Robin, I think that even when people of different ideologies *think* they're talking about a common concept of good society, they usually have different ones in mind. So they end up having low-level discussions (about policies or politicians, for instance) that are distorted by high-level differences in values driven by their personality.
And to some degree, this is complicated by the fact that people *aren't* very pragmatic about many areas of policy. They desire certain policies in themselves, and not just for the effects. Abortion is an obvious example, and police power and sentencing rules a less obvious one. So, two people might agree on what would make a good society on the *most* abstract levels, (say, that it would provide everyone opportunities to fulfill their own happiness,) but be unwilling to change their positions on some lower-level pragmatic issue even if it were shown that the lower-level issue did not lead to the higher-level results.
So I think the distinction you're trying to make isn't really that clear.
pdf, yes of course people can have different preferences over the sort of society they would prefer. And if they admit they just have different preferences, there is nothing to disagree about. But usually when people speak about what is "good for society," they talk as if what they intend to refer to is a more common concept, about which they disagree.
Robin, I think Michael's point is that different people with different values might have different opinions on which societal *outcomes* would be good or bad, not different opinions on which policies would lead to which outcomes. Given a single, detailed, view of a hypothetical society, one person would say "this society is bad" and another "this society is good". When one asks "If my personality were different, would what is good for society be different?", it assumes that "what is good for society" is some objective thing. But it's really not. It's a subjective thing.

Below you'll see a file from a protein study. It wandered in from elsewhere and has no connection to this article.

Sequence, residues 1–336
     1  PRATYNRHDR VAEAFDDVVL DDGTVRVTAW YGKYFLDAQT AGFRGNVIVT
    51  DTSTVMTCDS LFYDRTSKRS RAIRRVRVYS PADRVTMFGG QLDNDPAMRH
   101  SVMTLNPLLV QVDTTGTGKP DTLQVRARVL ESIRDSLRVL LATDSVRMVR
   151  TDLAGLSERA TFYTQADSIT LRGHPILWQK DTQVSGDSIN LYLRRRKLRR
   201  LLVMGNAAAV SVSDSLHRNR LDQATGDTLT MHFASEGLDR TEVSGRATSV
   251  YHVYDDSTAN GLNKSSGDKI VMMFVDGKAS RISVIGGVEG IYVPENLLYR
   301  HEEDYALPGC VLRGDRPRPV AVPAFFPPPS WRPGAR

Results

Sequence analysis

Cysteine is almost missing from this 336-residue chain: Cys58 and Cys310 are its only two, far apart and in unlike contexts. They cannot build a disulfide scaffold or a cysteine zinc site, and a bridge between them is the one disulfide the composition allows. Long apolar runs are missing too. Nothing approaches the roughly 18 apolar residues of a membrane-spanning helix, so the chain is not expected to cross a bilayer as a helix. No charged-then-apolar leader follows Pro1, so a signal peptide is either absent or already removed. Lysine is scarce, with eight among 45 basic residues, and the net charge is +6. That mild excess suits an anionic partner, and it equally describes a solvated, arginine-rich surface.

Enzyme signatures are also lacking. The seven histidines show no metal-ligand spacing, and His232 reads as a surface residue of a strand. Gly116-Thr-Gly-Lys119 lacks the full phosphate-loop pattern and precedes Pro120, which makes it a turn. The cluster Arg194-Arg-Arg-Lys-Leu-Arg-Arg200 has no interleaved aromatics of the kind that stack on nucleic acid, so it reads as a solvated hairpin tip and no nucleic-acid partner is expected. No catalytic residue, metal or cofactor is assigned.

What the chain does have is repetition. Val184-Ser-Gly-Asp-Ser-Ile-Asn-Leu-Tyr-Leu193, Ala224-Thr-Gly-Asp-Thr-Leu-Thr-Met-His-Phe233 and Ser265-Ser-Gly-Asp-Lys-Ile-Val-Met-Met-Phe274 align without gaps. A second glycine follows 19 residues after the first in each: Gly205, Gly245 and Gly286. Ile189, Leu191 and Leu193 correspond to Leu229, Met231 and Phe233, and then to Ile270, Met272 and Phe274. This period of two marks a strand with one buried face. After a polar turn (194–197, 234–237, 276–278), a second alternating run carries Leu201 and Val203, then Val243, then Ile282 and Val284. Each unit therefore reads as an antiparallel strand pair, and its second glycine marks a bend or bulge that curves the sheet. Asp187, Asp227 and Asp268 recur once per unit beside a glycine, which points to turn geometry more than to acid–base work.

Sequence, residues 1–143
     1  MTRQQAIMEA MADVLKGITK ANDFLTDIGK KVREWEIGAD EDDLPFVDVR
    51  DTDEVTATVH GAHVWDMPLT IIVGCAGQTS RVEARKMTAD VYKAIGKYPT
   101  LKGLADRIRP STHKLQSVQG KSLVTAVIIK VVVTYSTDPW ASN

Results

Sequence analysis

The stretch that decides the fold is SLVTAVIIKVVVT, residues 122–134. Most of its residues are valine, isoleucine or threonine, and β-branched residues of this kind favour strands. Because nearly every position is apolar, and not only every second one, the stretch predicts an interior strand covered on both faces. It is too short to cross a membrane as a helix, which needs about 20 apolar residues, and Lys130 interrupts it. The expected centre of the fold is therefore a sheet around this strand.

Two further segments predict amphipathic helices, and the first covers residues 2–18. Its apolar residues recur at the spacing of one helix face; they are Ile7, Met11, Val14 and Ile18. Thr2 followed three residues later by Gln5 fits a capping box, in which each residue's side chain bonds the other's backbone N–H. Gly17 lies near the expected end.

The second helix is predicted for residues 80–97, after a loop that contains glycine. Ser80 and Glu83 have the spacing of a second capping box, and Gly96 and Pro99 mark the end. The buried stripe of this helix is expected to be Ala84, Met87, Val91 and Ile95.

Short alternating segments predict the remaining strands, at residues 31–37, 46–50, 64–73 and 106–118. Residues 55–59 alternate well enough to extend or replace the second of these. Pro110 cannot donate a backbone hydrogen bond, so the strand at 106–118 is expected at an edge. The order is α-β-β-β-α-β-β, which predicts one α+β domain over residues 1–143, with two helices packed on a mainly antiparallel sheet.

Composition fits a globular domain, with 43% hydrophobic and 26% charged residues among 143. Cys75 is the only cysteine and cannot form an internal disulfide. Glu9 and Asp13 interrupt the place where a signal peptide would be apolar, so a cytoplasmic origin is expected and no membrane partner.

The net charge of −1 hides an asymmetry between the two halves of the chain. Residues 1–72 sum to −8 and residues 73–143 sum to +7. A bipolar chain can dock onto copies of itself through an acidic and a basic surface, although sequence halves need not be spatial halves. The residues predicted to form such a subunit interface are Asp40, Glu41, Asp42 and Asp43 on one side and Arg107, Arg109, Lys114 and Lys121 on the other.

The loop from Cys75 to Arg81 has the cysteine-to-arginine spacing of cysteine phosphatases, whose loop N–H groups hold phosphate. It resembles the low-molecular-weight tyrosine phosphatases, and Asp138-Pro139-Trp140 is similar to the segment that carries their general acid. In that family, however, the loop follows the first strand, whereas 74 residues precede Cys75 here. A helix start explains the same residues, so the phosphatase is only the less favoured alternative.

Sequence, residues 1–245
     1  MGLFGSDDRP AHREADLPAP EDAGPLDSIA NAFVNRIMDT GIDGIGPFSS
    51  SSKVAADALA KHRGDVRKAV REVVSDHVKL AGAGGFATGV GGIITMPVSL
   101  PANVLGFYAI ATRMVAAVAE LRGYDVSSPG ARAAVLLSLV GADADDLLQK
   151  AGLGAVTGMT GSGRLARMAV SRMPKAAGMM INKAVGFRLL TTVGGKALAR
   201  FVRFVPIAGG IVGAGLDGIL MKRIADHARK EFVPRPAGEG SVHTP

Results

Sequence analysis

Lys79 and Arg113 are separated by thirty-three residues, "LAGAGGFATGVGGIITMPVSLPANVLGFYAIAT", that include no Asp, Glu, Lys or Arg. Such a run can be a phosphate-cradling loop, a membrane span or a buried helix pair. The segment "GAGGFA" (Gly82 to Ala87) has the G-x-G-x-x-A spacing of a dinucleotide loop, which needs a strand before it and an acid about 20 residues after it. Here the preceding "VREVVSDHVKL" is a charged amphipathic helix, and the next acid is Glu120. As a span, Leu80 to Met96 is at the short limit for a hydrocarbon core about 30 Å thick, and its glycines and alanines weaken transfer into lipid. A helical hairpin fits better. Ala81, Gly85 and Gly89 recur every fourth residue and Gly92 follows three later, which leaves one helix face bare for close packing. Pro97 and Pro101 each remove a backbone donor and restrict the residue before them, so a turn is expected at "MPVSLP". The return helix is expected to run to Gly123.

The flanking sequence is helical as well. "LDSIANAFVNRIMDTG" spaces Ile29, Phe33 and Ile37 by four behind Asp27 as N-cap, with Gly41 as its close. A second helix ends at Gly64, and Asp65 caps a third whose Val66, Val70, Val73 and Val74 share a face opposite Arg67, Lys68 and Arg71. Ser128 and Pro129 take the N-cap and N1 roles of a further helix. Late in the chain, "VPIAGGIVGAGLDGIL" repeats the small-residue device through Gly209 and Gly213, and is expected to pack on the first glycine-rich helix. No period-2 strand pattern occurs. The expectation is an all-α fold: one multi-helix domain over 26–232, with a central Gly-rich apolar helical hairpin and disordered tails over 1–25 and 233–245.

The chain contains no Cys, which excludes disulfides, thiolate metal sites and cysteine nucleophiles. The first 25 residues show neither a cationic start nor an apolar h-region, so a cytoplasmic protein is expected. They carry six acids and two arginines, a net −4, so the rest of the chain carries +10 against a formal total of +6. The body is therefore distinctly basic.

An example: If your current society contained two mutually antagonistic groups, with extreme animosity between them, members of each group might think that a better society would be one where the other group had been killed.
Eliezer, surely there is a continuum between blue and green, which also extends past them both. There are of course many other dimensions one could identify and focus on.
Robin, if you think there's a continuum between Blue and Green, that's buying into the "dichotomy" nearly as much as if you thought there were only two discrete points.
I don't consider myself a conservative or a liberal, but, speaking strictly as a rationalist, I find this study's results *highly* suspicious. When a group of steadfastly Republican researchers conduct a similar study and find the same results, I'll start paying attention.
Robert, social stability might be better for society than material wealth, and whether you thought so might depend on your personality, but whether stability was more good for society would not depend on your personality.
Michael Vassar said "In extreme cases I can definitely say "if I had a different personality then what is good for society would be different"."
I don't think you need to be extreme at all. Consider free trade. If trade is free then the nation is in aggregate better off - this is an uncontestable fact. However if I believed that social stability was more valueable than material wealth, and that it was not captured by a market process then I could consistently accept that while free trade might make us materially better off we would be better to restrict trade and so keep society stable. Another person might not value social stability so highly and believe that trade should be free. I think this is quite a common and regular example.
This example comes about because, as you point out, value is subjective.